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True Confessions of a Stay at Home Dad
In May of 2011, I dismissed class for the last time and began a new chapter in my life, full-time dad. I taught middle school for seven years, but with two kids and a third on the way, I wasn't able to give as much time to teaching as it required, plus I wanted to spend more time with my own kids, instead of someone else's.

My wife and I have been married for nine years. She spends her days (and some nights and weekends) as an OB/GYN, or as my kids like to call it, “catching babies.”

We have three kids. First Born is eight years old, but likes to pretend she’s in college. Our son, Middle Man is five, but we’re convinced by the way he talks about things like “beautiful sunsets” that he’s an old soul, and our youngest, the Blonde Bomber is only three, but already has the attitude of a teenager.

Our kids provide us with an endless amount of stories. Writing and retelling these stories for Indy’s Child has been my part-time job for the past three years.

You can contact me on Facebook at True Confessions of a Stay at Home Dad or via email at indyschildpete@gmail.com.

Kid-Free Zone

Kid-Free Zone

September 03, 2013 | 12:39 PM

What do you think about kid-free zones on airplanes?

A couple different airlines in Asia have started offering the option of paying a fee (usually around $14) to upgrade seats guaranteeing a spot away from children in a kid-free zone.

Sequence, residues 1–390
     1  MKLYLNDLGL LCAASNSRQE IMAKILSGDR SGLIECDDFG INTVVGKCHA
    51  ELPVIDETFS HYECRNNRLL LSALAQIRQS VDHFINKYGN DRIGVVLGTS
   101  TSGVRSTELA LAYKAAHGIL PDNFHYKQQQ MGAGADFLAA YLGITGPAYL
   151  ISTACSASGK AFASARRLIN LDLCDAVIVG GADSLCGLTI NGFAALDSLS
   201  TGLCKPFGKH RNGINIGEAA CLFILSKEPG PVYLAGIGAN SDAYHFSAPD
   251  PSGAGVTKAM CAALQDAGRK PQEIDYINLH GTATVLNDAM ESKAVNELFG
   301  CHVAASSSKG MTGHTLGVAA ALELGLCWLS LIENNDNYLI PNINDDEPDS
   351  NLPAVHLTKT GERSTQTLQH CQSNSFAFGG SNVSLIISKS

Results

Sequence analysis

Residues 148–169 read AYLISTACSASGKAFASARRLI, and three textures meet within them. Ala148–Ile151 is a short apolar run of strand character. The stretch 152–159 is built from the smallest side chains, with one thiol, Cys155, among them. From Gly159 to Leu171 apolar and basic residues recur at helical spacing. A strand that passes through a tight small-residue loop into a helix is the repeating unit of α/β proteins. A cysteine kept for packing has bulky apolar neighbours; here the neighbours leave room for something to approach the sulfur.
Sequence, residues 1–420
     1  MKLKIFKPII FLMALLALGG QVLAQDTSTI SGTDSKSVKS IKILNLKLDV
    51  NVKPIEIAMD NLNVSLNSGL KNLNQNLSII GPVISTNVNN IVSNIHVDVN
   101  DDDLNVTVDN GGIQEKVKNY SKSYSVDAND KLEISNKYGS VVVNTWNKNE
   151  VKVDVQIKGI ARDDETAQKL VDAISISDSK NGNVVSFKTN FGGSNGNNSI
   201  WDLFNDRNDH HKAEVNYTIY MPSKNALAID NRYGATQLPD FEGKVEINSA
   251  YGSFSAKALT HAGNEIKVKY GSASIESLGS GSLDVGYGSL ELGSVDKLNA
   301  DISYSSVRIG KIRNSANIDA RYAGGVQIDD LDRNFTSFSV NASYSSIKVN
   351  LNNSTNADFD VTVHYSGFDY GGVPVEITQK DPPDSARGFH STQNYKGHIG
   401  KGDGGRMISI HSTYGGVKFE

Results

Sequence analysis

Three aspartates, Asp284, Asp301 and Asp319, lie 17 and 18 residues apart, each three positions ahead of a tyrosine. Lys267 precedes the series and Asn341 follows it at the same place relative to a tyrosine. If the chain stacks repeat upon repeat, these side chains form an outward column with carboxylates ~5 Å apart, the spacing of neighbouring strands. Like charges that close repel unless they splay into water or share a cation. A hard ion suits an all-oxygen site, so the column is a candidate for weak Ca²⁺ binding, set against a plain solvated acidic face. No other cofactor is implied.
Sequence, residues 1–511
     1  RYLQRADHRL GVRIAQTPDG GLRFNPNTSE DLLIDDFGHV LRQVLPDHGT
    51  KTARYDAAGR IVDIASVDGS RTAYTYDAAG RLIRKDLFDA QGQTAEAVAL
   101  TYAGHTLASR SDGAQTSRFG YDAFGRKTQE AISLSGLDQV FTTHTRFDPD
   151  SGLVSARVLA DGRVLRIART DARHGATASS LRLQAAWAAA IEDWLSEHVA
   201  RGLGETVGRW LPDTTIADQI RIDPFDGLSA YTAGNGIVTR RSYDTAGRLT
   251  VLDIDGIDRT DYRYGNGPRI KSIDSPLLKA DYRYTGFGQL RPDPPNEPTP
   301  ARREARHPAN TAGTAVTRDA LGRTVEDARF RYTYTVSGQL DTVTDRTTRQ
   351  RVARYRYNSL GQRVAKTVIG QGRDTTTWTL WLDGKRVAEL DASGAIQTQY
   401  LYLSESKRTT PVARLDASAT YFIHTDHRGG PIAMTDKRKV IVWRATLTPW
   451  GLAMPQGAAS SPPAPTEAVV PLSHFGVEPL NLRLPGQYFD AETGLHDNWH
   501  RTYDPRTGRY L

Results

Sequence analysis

When I first heard about this, I thought, "Great, I'll pay the fee, sit away from my kids and relax in peace and kid-free quiet." But that's not really how it works. Apparently the kid-free zone puts kids and their parents together in a section of the airplane away from people flying without kids. That makes more sense, I guess.

Even thought it initially kind of seemed like a mean thing to do to parents, after thinking about it, I'm all for it.

Our family has flown with our kids a few times, and I honestly dreaded it each time. I was more worried about the people sitting around us getting upset with us, than how my kids were going to behave. If I had known ahead of time we were in a kid-only area I wouldn't really care how my kids behaved or how loud they were. It's like being in a restaurant with a bunch of other families with kids. It's a little easier to relax because you know they (hopefully) are understanding if one of your kids is screaming in anger (or squealing with joy).

I would rather be around kids than adults in many situations anyway. I've sat near cussing college kids, nosy people looking over your shoulder at what's on your screen, and drunks on planes and I would much rather sit with a pile of kids than any of those people again.

So, it seems like a win/win/win to me.

Parents and kids get their own area of the plane.

People flying without kids get their own area of the plane.

And the airline finds yet another way to squeeze more money out of its customers.

Happy Flying!


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